Nneoma Ike-Njoku, a first-year MFA student in creative writing, hails from Lagos, Nigeria. Ike-Njoku is a part of that rare group of people who knew from a very young age exactly what they wanted to be when they grew up. For Ike-Njoku, her goal was always consistent: to tell stories.
Her journey to becoming a fiction writer began through poetry. “It’s actually funny looking back, because I’m really horrible at it. My dad would read the poems I wrote and act like they weren’t as bad as they were. He’s always been very supportive that way. I’m fortunate to have been able to creatively explore in that sort of environment growing up,” says Ike-Njoku.
With few to no opportunities for academic creative writing-based programs in Nigeria, Ike-Njoku knew she would attend a university in America. After obtaining her BA degree at St. John’s College in New Mexico, she headed to upstate New York for a change in scenery (and climate, to her dismay) for Cornell.
What It Means to Study Fiction Writing at Cornell
The application process is based on submitted writing samples, and the program is one of the most selective in the country. The two-year program accepts eight students total, divided into two cohorts—four spots for fiction and four for poetry.
“Besides some of the best financial packages, Cornell’s excellence lies in its cohort size. I’m in the fiction program, where workshops are incredibly intimate. Everyone gives comprehensive critiques with professor moderation and input. It’s very helpful,” says Ike-Njoku.
The program is mainly formatted to a workshop structure, which helps Ike-Njoku see her work as a whole project rather than a tentative idea. “I’m still very much in the beginning. The characters and premise, the specific feedback about the atmosphere of the setting, it helps me set a timeline,” says Ike-Njoku.
According to Ike-Njoku, the first-year students become familiar with public readings by having a showcase at a local bookshop in Ithaca. Second-year students have readings of their work in New York City, where literary agents might be in the audience.
In addition to public exposure, Cornell’s MFA program offers students the unique opportunity to take classes outside their program within the English Department in order to expand their literary education.
“The first years have workshops with the second years, but we’re all working on our theses. I’m working on my novel about music in Lagos in the 1970s,” explains Ike-Njoku, whose current writing reflects the cultural influences and experiences of her childhood.
Experiencing the Journey, Writing about Nigerian Culture
“Lagos is an amazing place. There’s a lot to do, and it’s really noisy, which isn’t actually a bad thing. There is a lot of energy. There is also a blossoming art scene. It’s a really fashionable place, lots of indigenous designers. It’s very affordable, at least compared to Ithaca,” says Ike-Njoku on why she based her novel there.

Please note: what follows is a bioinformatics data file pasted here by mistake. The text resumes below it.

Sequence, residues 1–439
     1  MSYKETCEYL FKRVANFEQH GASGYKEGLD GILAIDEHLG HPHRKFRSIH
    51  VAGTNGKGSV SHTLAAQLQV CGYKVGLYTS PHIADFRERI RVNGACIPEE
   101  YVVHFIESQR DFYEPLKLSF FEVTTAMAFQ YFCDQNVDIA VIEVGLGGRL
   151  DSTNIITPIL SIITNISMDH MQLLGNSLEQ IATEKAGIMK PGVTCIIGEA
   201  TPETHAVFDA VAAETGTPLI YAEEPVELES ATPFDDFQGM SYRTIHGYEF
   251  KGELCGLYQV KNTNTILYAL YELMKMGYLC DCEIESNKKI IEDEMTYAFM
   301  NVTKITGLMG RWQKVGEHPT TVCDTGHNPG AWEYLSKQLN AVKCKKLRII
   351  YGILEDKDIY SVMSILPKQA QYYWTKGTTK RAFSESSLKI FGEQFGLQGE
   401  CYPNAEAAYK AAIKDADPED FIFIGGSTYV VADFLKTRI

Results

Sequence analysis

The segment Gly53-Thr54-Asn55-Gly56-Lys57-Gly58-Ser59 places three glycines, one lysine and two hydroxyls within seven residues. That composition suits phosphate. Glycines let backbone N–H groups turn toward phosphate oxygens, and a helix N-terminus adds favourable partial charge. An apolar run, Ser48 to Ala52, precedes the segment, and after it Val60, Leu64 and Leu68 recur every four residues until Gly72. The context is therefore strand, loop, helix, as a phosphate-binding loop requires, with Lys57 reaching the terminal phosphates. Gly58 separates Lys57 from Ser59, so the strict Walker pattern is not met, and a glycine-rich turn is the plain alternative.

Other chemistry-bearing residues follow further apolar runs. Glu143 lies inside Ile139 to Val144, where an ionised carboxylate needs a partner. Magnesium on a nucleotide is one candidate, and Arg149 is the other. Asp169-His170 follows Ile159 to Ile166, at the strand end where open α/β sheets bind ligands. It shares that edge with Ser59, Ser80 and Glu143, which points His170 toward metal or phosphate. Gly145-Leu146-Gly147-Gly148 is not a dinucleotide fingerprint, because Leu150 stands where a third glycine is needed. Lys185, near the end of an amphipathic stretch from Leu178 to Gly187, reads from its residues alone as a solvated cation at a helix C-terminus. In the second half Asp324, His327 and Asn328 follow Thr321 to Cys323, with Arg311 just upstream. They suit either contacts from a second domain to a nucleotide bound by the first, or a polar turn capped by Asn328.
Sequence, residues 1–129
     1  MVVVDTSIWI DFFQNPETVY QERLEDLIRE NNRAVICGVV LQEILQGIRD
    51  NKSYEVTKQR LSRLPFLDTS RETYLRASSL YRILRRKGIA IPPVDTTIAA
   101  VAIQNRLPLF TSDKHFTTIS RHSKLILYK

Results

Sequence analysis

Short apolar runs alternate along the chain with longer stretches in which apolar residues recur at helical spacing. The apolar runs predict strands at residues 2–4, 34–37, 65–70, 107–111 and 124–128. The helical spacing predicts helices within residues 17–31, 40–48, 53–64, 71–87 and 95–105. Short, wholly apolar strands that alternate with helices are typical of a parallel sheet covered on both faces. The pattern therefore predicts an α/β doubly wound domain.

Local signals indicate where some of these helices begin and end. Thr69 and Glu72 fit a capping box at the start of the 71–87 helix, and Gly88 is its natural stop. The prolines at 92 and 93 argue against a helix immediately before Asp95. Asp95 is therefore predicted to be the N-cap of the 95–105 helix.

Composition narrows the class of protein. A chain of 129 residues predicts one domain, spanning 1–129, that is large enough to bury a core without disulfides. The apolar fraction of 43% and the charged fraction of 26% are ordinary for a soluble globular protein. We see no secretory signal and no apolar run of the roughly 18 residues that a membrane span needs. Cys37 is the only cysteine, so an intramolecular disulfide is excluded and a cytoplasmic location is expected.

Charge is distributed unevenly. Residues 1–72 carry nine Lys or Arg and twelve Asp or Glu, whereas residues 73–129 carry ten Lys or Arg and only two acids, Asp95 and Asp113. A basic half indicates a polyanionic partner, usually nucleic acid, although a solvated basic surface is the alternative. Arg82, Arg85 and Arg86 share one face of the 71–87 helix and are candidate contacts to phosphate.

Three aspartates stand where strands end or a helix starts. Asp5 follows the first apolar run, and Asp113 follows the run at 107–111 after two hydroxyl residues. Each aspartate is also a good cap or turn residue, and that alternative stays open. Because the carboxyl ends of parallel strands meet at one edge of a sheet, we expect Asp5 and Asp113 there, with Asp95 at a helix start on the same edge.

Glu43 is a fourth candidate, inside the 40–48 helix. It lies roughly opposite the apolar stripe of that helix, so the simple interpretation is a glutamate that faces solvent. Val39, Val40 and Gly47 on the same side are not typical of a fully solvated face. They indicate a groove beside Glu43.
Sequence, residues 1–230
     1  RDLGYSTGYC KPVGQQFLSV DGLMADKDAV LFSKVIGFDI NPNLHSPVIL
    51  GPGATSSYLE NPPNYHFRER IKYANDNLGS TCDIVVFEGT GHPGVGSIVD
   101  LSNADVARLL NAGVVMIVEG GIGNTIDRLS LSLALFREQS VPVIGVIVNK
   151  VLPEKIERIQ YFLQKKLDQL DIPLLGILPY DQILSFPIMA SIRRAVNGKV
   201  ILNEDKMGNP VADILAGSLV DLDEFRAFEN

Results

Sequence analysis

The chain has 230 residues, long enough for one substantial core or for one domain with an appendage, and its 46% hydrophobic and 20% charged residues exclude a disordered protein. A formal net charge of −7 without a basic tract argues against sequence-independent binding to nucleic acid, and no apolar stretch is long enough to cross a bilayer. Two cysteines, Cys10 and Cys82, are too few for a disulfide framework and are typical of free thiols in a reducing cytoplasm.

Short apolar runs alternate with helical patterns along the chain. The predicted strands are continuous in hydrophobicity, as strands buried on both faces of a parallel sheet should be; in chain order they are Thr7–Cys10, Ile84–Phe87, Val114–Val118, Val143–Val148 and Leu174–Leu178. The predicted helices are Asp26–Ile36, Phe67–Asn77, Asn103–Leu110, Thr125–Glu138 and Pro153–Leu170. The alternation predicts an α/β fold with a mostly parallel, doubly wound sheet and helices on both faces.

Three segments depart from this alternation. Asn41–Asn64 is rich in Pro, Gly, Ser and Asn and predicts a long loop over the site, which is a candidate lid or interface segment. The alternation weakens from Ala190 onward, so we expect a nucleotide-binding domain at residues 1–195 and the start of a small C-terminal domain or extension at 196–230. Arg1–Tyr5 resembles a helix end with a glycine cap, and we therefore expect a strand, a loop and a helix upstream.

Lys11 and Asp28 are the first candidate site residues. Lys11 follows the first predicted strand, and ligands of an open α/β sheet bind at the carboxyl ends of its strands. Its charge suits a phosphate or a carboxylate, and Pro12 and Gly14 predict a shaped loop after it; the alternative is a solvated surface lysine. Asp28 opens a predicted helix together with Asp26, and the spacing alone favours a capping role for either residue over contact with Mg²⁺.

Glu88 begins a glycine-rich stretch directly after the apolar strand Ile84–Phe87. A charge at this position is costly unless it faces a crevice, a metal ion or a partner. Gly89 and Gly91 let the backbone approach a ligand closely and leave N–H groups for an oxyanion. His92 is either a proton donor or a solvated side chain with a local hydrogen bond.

“Before coming here, I had done a few workshop classes that were somewhat helpful. But this program, due to its size, is great because my peers are very careful readers.”
Specifically, the idea for the work came from Ike-Njoku’s fascination with the music scene that resulted from the Nigerian Civil War. “In the 1970s, there were a lot of really young people in the music industry. A band called Ofege made rock music, and they were just high school students, aged maybe between 14 to 17. They had such a huge impact following the war. It was the kind of music my parents danced to. I’m interested in the power of art, and music in particular,” explains Ike-Njoku.
The comfortable workshop experience has been the most surprising element of Ike-Njoku’s experience at Cornell thus far. “Before coming here, I had done a few workshop classes that were somewhat helpful. But this program, due to its size, is great because my peers are very careful readers. Everyone wants everyone to do their best work, so we support each other,” stresses Ike-Njoku.
“Another wonderful aspect about this program is that we get the option of two extra years after graduation to lecture. During the first summer of the program, we get funding to prepare for teaching classes like Introduction to Creative Writing.” This is an economically important aspect for Ike-Njoku, who explained that her friends in other MFA programs are unsure about what to do following graduation. The ability to lecture after completing her degree allows Ike-Njoku to remain focused on her novel.
Outside of her studies, Ike-Njoku enjoys the walkable nature of Cornell. She’s learning to enjoy the crisp weather and likes that everything is centered around the campus. She peruses the downtown stores for cheap books and music deals when she needs a break from her work.
In the big picture, Ike-Njoku says that her goal is to continue to write. More specifically, she hopes that the first draft of her novel will be completed by 2019.